Owner-Managed Businesses

Furnished holiday lets and the impact of coronavirus (COVID-19)

Produced by Tolley
  • 29 Oct 2021 11:20

The following Owner-Managed Businesses guidance note Produced by Tolley provides comprehensive and up to date tax information covering:

  • Furnished holiday lets and the impact of coronavirus (COVID-19)
  • Definition of an FHL and treatment for tax purposes
  • Meeting the letting condition after closing for coronavirus
  • Taxation of coronavirus support payments
  • Sale of FHL property and reporting requirements

Furnished holiday lets and the impact of coronavirus (COVID-19)

Furnished holiday lets (FHL) have been impacted significantly over the last few months by coronavirus (COVID-19) and the requirement for holiday homes to shut. This guidance note recaps the requirements for a holiday let to be treated as an FHL and reviews the impact of coronavirus on the tax position of an FHL business.

Definition of an FHL and treatment for tax purposes

An FHL is defined as a property that meets the three tests of availability, letting and pattern of occupation, as follows:

  1. the property must be available during the relevant period (see below), for commercial letting as holiday accommodation to the general public for 210 days or more

  2. the property must actually be let commercially as holiday accommodation to members of the public, during the relevant period, for 105 days or more (excluding periods of longer-term occupation, being continuous periods of more than 31 days during which the accommodation is in the same occupation other than circumstances that are not normal), and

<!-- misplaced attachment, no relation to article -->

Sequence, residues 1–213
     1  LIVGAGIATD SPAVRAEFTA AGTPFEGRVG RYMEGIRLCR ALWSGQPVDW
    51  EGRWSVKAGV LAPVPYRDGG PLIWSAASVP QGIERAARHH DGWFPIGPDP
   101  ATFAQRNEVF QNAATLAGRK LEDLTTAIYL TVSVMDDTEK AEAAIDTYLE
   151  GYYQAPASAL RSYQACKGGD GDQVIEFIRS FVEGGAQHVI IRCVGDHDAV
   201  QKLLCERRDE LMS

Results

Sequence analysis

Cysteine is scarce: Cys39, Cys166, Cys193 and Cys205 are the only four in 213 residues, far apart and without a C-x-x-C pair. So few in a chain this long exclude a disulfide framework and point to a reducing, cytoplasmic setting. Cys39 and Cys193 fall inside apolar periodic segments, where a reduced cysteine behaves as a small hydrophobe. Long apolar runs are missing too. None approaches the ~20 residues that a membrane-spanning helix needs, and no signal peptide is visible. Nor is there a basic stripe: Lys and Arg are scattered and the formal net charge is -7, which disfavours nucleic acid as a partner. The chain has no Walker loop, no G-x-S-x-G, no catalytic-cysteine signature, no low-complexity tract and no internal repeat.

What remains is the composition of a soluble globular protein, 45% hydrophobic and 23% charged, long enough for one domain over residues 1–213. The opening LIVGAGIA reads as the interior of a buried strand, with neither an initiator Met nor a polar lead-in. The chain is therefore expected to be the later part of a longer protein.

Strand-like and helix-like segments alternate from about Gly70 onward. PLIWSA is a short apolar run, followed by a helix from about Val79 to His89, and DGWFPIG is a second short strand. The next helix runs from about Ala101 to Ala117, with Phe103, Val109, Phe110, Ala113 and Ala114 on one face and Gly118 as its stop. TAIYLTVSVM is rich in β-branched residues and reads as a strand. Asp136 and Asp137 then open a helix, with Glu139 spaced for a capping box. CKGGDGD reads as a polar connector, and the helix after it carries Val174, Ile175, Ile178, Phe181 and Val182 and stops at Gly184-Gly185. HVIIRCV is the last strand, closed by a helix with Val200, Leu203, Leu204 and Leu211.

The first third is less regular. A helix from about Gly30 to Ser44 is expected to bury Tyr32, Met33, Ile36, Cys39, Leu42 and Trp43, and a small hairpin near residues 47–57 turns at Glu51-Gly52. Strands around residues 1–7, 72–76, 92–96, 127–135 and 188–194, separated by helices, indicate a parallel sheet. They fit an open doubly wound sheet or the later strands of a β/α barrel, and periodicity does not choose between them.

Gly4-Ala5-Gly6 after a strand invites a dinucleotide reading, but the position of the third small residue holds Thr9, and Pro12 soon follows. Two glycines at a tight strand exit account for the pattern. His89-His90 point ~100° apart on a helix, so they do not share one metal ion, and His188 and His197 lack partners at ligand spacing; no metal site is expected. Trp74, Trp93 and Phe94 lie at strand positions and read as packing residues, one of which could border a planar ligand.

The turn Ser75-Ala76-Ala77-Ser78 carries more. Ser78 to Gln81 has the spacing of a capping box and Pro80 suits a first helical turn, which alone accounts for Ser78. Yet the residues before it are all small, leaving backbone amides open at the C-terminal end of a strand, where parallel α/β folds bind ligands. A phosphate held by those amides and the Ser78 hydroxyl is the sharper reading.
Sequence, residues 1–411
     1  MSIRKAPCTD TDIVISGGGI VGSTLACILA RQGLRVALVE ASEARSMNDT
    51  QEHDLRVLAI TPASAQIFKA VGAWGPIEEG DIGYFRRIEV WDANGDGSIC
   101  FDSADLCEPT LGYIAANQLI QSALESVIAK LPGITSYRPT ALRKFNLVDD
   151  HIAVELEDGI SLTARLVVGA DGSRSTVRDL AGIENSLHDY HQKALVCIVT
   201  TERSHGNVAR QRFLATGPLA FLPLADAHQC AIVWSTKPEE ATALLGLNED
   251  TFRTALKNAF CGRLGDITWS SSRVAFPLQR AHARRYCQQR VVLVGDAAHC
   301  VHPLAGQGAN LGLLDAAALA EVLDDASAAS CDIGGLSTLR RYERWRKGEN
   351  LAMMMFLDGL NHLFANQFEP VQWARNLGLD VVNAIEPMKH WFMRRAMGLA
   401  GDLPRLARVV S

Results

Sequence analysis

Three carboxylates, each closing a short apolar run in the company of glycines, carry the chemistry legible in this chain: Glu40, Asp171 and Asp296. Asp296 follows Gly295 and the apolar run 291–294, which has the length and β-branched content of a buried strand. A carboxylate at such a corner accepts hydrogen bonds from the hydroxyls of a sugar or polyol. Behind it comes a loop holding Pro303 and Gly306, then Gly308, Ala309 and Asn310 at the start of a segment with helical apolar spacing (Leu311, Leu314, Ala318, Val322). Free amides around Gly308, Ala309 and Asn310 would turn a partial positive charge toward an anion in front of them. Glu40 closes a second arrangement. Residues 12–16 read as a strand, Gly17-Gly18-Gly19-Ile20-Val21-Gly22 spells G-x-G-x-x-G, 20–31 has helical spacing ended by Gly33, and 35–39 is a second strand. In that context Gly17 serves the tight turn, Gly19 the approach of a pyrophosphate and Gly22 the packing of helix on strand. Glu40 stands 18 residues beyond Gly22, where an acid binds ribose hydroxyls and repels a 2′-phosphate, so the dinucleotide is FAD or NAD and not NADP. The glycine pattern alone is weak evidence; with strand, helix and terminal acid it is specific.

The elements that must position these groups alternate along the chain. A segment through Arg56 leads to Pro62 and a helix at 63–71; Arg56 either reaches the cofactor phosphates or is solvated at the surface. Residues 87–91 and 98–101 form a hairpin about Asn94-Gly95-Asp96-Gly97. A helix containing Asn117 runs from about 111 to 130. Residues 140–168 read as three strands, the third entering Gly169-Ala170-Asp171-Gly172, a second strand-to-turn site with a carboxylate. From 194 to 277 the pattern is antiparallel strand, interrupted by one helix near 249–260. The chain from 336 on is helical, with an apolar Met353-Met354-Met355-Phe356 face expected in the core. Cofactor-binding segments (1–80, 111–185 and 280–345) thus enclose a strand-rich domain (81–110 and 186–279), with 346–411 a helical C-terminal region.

3. the property must not be let for periods of longer-term occupation (as defined above) for more than 155 days during the relevant period

ITTOIA 2005, s 325; CTA 2009, s 267

The word ‘normal’ is not given any specific definition in legislation, so the word takes its everyday meaning (ie ‘regular’ or ‘usual’). HMRC’s view is that what is ‘normal’ is interpreted by reference to the nature of the lettings intended by the owner rather than the lettings that take place (eg a letting might exceed 31 days and yet still qualify as an FHL if the holidaymaker fell ill, making it impracticable for them to vacate on time).

The relevant period for income tax purposes is:

  1. in a normal continuing busin

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